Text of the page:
by Kim Niemi
Whether it’s the Patriot Act or creepy ads that pop up in your social feed after visiting a retail site, you don’t need the reminder you’re being watched all the time. Or do you? Sometimes tracking technology is pretty convenient to your life – and that’s the flip side you’re not considering. Here’s why you should.
Locking in on the signal
Though we haven’t achieved Star Trek transporter beam level technology just yet, we do have options for tracking items in motion, or finding objects gone missing.
When your car has been stolen, Lojack can tell you where it is – even providing an early warning if someone is driving your car without your designated keychain fob inside (a good sign they’re not YOU).
Similarly, pets can be microchipped so that when lost or stolen, owner information on the chip can be retrieved by shelters or animal rescue officers – even if your pet’s collar and tags have been removed.
And of course we’ve all seen TV shows where a car or cell phone’s built-in GPS history has been used to crack the case. It may seem far-fetched, but it’s not.
Making sure mobile is safe
Speaking of cell phones, can anyone imagine living or working without one at this point? One of the best advantages mobile devices offer is the freedom to connect from anywhere, at any time – both personally and for work purposes. But with that freedom must come precautions to keep sensitive data safe.
Businesses who want to provide employees with remote access to company files via the cloud, must have mobile device management (MDM) software in place to ensure that company data can’t be hacked or otherwise tampered with.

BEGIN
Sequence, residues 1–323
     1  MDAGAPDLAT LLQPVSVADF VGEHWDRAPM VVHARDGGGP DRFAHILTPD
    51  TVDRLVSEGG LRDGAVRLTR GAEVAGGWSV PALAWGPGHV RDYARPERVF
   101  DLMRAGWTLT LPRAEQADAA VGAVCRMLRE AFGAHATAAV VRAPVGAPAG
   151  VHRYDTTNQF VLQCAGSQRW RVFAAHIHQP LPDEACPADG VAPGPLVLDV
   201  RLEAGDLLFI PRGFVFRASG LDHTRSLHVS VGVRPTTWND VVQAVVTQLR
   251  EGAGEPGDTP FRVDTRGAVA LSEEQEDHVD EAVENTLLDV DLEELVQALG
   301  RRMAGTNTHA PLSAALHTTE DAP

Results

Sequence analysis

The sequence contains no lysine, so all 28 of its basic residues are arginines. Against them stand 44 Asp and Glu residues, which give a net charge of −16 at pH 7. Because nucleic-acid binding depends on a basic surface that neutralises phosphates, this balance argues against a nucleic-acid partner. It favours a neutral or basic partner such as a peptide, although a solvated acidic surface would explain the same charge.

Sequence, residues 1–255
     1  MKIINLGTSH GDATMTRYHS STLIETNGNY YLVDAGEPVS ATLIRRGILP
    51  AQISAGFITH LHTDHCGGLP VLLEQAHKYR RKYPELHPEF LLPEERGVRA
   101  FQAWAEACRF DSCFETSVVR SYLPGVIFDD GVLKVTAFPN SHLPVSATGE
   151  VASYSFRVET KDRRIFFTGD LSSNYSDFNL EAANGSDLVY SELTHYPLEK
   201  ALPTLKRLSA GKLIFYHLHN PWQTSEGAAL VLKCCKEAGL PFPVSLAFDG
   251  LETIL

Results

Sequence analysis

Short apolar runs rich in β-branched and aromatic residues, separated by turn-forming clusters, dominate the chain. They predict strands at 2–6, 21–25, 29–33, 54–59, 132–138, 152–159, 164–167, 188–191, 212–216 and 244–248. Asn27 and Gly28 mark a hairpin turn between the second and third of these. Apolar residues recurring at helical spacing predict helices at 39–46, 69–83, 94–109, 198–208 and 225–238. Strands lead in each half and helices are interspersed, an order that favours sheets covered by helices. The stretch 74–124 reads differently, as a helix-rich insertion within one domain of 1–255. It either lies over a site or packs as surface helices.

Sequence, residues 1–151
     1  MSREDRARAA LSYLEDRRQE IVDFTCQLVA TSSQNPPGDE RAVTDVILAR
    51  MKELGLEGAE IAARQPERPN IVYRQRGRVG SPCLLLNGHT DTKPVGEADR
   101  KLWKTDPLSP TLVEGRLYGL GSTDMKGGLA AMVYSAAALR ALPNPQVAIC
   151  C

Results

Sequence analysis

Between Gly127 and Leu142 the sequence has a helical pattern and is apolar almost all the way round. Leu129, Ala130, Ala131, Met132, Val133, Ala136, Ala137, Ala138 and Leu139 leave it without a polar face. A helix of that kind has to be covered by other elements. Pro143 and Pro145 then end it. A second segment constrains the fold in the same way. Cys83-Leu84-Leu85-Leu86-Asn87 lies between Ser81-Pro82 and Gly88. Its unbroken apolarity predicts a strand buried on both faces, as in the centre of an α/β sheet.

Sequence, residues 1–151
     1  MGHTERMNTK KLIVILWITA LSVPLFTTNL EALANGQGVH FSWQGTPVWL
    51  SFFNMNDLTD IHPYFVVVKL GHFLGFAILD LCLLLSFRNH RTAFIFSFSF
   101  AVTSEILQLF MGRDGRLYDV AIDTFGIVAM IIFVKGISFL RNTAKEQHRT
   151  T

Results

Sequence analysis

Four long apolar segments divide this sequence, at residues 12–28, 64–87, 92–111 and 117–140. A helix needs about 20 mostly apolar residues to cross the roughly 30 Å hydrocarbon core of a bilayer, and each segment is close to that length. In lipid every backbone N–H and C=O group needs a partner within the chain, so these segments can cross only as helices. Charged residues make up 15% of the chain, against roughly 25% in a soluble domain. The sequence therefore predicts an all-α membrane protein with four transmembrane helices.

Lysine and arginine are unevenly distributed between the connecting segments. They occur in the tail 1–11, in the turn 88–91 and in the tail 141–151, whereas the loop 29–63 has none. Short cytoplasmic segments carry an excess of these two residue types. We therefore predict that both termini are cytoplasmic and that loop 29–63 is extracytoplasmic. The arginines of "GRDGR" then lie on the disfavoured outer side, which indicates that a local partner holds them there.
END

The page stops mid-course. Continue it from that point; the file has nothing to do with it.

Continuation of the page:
Especially if employees are using their own devices versus those provided by the company.
MDM software can serve other purposes as well – like scanning barcodes to track inventory at various points in the supply chain. Again, the good kind of tracking.
The merits of geo-fencing
Another mobile tool that many make use of nowadays is geo-fencing. Geo-fencing allows users to set up a defined location range (fence) which sends an alert any time an activated device enters (or exits) that fence.
This is how a taxi dispatcher can track vehicles, for example. Or how a department store knows to send you a coupon when you’re within a certain radius of one of their locations. Many consumers claim to dislike this sort of monitoring – but with the right offer and the right timing, they often warm up. Retailers can only get better at this.
In the meantime, mobile users may not like it when they’re the presumed target of government or retailer spying, but they have no problem using the same technology if it helps them keep tabs on their employees, or even their children.
So in the end it comes down to intent. When the monitoring is for a noble purpose – privacy/security – it’s much more acceptable. But we’re still early in the game with much of this technology. The more we see it working well on a variety of fronts, the more acceptable it will become all around.
Just like real life siblings, Big Brother can evolve from annoying know-it-all to trusted companion.
This post originally appeared on Commpro
IMAGE CREDIT:INTEL FREE PRESS